One of the fascinating aspects of becoming an indie author is, to my mind, the tremendous learning curve in terms of marketing that comes with self-publishing your book.
E-books are big right now. Publishers’ Weekly reported that self-published titles topped 764,448 in 2009 while recent estimates suggest that this number has grown exponentially.
What that means is that we indie authors are not only now pursuing our own markets – we are the market for a number of new businesses. And while we’re frenetically pursuing readers and reviewers, a lot of very industry-savvy entrepreneurs are busy pursuing us.
Enter the book review distribution service.
Every indie author knows that book reviews create buzz and help build sales, right? However, most of us are too busy writing to devote the time and energy required to ask for and obtain reviews (or are not particularly inclined to beg for reviews).
Book review distribution services like EBookCritique.com and BookRooster.com therefore promote services where they take your literary gem and distribute it to their group of dedicated book reviewers. According to their math, your book + their distribution service = plenty reviews on Amazon/Goodreads/Shefari. Elementary, right?
In my experience? Wrong.
Book Rooster.com actually suggest that they send out your book until at least 10 reviewers post reviews of your work and that they keep an eye on ‘review quality and objectivity’. You can read the spiel for yourself here. I subscribed to their service myself over ten weeks ago. Not a single review courtesy their service to date. And, alas, now no response to my last request (made on May 21) for a status update either.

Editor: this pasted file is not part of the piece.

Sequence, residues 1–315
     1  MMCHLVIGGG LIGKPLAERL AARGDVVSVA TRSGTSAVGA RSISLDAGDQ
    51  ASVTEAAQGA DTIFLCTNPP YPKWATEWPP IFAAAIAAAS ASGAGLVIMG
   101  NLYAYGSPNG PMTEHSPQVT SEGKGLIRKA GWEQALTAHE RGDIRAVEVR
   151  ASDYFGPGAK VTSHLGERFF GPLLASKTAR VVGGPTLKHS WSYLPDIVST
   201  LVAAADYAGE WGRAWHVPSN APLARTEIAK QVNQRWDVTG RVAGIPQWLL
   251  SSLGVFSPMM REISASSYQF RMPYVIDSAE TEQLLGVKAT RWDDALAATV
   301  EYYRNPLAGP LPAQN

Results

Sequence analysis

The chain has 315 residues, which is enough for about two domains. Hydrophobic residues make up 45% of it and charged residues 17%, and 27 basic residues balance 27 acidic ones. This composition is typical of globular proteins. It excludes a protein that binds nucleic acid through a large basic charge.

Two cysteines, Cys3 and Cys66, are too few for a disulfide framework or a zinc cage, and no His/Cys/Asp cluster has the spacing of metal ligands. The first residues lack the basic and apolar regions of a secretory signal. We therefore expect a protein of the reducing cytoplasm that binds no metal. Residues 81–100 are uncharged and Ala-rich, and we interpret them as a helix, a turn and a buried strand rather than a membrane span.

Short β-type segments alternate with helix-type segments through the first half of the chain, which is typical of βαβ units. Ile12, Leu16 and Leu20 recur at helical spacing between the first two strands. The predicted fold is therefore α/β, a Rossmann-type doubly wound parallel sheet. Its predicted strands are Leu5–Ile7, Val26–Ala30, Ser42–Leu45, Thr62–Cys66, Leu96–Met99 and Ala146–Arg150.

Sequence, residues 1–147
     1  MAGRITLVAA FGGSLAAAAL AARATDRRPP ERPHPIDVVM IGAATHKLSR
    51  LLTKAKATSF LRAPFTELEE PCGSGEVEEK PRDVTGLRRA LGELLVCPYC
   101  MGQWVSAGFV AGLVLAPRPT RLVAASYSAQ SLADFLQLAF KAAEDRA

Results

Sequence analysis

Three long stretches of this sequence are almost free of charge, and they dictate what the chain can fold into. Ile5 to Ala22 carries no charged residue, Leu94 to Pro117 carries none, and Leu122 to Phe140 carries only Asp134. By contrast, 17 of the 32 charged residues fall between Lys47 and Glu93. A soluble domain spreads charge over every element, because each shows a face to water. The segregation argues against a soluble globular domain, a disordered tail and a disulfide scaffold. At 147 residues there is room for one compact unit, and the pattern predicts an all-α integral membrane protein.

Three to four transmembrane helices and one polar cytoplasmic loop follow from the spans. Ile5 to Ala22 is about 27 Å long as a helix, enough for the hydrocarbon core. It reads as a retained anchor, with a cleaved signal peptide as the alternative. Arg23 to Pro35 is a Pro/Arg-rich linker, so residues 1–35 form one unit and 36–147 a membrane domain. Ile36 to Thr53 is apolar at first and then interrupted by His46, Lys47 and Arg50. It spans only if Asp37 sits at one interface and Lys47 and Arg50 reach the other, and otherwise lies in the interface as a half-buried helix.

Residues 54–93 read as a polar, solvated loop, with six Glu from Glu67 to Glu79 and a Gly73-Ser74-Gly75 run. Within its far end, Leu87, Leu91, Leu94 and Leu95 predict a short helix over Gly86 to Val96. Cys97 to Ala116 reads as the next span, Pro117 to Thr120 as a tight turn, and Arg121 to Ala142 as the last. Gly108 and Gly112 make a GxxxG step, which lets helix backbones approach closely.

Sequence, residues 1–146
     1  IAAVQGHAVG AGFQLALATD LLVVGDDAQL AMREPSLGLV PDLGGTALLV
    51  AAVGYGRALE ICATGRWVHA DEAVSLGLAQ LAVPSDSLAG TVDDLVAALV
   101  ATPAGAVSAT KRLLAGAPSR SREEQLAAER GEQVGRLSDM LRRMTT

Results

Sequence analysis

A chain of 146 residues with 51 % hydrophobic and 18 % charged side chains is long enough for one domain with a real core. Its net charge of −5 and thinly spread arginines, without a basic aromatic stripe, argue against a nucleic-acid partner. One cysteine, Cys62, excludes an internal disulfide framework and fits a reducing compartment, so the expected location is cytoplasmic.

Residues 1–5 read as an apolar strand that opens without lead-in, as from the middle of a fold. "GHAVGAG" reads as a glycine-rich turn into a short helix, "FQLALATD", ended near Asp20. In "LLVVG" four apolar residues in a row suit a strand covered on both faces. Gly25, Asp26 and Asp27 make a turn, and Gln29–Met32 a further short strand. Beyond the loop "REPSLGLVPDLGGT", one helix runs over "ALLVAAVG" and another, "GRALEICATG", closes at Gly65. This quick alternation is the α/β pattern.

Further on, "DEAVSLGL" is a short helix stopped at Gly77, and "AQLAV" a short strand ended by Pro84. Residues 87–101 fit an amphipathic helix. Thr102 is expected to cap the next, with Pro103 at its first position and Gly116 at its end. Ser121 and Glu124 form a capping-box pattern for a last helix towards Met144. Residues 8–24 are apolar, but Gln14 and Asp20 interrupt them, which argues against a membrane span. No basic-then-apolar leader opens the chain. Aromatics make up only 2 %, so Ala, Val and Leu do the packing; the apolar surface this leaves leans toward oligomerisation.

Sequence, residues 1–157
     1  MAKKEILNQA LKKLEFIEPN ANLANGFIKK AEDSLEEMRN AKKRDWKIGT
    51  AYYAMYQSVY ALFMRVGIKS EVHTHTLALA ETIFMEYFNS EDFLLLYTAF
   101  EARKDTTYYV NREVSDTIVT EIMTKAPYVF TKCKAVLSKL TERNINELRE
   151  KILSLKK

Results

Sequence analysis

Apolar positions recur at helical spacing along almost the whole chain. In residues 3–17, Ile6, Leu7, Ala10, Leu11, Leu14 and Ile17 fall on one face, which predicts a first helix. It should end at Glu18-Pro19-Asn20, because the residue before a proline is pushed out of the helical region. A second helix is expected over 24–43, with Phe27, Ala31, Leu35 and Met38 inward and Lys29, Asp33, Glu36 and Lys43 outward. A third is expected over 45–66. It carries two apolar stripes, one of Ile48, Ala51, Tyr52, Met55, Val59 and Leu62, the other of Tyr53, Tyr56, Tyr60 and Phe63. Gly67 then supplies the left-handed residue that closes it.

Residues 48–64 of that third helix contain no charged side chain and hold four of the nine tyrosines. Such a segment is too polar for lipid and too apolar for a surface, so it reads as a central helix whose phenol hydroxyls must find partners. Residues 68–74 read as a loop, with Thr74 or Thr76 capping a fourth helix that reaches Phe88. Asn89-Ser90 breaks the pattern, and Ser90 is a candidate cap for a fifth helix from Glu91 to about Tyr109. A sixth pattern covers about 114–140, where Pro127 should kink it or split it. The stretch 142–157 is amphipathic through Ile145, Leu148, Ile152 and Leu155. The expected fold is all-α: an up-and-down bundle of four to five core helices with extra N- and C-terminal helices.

I’m not suggesting that these sites/ services are fraudulent. I can only assume that the many testimonials posted are legitimate, but it’s interesting to note that I’ve managed to get a few reviews just by writing to bloggers and book clubs and asking, while the one service I subscribed to has failed to date to deliver even 1 review at the time of writing this. It might be better to save your money and do the asking and distributing yourself.
Starting today, and from time to time, I’ll be posting a number of new resources I’ve come across that can help us indies surmount that learning curve. (I’m just providing links. No endorsements until I’ve tried them myself!) Getting up to speed (fast!) and doing most of your own promotion and marketing can not only ensure you market from an informed position, but that the buzz about your book relies on the person most knowledgeable, committed and passionate about your work – you!
Today’s link is: Self Published Author.com.